A massive theme park diverted nearly $3M in taxpayer money, initially granted for a research facility, to build a new roller coaster.
Environmentalists were enraged after finding out that a popular theme park in Queensland, Australia, diverted nearly 3M AUD in taxpayer money to build a new rollercoaster, ignoring plans for a koala research facility, for which the government had initially granted the money.
The 2.7M AUD — about 1.8M USD — granted to Queensland’s Dreamworld in 2019 were initially issued to fund a new, state-of-the-art koala research facility aimed at tackling issues in the native animals, including high rates of chlamydia, as part of the Park’s conservation activities.
However, the money was “redirected” by theme park officials to build a new roller coaster, Steel Taipan, which recently opened as Australia’s only triple launch roller coaster. This decision was taken after successfully arguing that the money would be better spent on the coaster and approved by the Queensland state government; more specifically, by Queensland’s tourism and innovation minister, Stirling Hinchcliffe.
As reported by PerthNow, Mr. Hinchliffe stated the following:
In view of the Future Lab project being placed on hold, the Queensland government approved that the funding previously approved for the research facility be repurposed to support the construction of the new ride, taking into consideration the immediate impacts of the pandemic and the appeal of new tourism offers likely to attract returning domestic visitors and international tourists when borders reopened.
The decision was partly influenced to pursue a boost in the state’s tourism industry and employment following the substantial impact the ongoing COVID-19 pandemic has had on it and the entire world.
The construction of the research facility would have been essential for helping the endangered species, which is predicted to be extinct by 2050.
A Dreamworld spokeswoman commented the following regarding the Park’s actions:
Dreamworld acknowledges and thanks the Queensland government for permission to repurpose the grant in question for the building of Steel Taipan; an attraction offering tremendous benefit to the rebuilding of the tourism industry and to employment in Queensland.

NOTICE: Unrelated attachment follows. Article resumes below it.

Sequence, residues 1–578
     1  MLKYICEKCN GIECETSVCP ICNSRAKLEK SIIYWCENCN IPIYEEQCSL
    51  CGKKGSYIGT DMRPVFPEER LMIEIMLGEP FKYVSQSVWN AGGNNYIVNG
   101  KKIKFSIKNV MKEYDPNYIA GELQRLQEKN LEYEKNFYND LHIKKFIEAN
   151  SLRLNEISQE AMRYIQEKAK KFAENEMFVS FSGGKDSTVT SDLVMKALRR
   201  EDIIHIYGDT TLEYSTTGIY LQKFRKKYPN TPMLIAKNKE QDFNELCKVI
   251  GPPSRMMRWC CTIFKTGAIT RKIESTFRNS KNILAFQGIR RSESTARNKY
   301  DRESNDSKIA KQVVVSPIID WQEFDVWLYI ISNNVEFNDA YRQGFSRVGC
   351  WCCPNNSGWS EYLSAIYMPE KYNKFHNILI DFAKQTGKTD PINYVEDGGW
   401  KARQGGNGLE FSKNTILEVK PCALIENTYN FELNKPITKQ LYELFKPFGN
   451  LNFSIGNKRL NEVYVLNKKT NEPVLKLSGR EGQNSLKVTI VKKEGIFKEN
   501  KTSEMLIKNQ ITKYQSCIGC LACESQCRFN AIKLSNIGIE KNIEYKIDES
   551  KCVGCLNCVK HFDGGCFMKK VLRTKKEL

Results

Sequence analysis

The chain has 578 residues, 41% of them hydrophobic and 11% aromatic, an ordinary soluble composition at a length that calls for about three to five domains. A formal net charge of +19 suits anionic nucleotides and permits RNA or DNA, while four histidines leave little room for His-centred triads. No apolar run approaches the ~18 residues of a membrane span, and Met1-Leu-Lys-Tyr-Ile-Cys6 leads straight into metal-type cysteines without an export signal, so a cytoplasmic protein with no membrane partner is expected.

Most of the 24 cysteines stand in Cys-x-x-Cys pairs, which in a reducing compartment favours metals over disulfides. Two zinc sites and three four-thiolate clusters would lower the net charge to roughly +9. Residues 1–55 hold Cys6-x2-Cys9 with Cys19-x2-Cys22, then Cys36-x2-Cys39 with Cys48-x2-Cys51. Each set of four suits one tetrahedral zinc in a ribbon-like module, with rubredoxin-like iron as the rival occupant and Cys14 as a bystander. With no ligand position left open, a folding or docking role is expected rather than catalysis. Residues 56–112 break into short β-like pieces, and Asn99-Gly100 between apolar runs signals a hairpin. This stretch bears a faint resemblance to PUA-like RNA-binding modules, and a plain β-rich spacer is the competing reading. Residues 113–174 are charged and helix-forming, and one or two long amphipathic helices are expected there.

Dreamworld is committed to conservation and makes meaningful change via the Dreamworld Wildlife Foundation, which has raised over $3.5 million for animal conservation and continues to fund important conservation projects in Australia and internationally.
Gold Coast City councilor Hermann Vorster said the decision would anger taxpayers and impact koalas. In an interview with Nine News, he stated the following:
I think the government has helped Dreamworld build a ride but the taxpayer has been taken for a ride and unfortunately the koalas have become short-changed too.
I think it’s ridiculous to be blaming covid on this decision.
Koalas need our help yesterday, they need our help today and they’ll always need our help tomorrow.
The community should have had full transparency if the government changed their minds because maybe then people would change the government.
More on Dreamworld
Per the Park’s website, Dreamworld is Australia’s favorite theme park, with rides, slides, and wildlife all in one place on the Gold Coast, Australia’s playground. The Park hosts around one million visitors each year with a staff of more than 1200, including ride operators, lifeguards, engineers, entertainers, animal carers, and many more.
Dreamworld is also a wildlife conservation park and the most significant zoological contributor to tiger conservation worldwide. The Park states it proudly helps support the protection and conservation of Tigers, Koalas, Bilbies, Tree Kangaroos, and more.
The Park has over 20 attractions, from family rides to thrilling attractions, including Steel Taipan, the polemic new attraction discussed in this article.
Dreamworld’s website describes the Park’s controversial new attraction as follows:
Now striking at Dreamworld is a reptilian rollercoaster experience with a top speed of 105km/h and a G-force of 3.8!
You’ll hang on tight as Steel Taipan snakes around 1.2km of twists, turns and three gut-lurching launches! With 4 inversions and the world’s first “Tailwhip” – a spinning seat at the rear of the train, this experience will have enough venom to leave you reeling.
What do you think of this situation? Let us know in the comments below!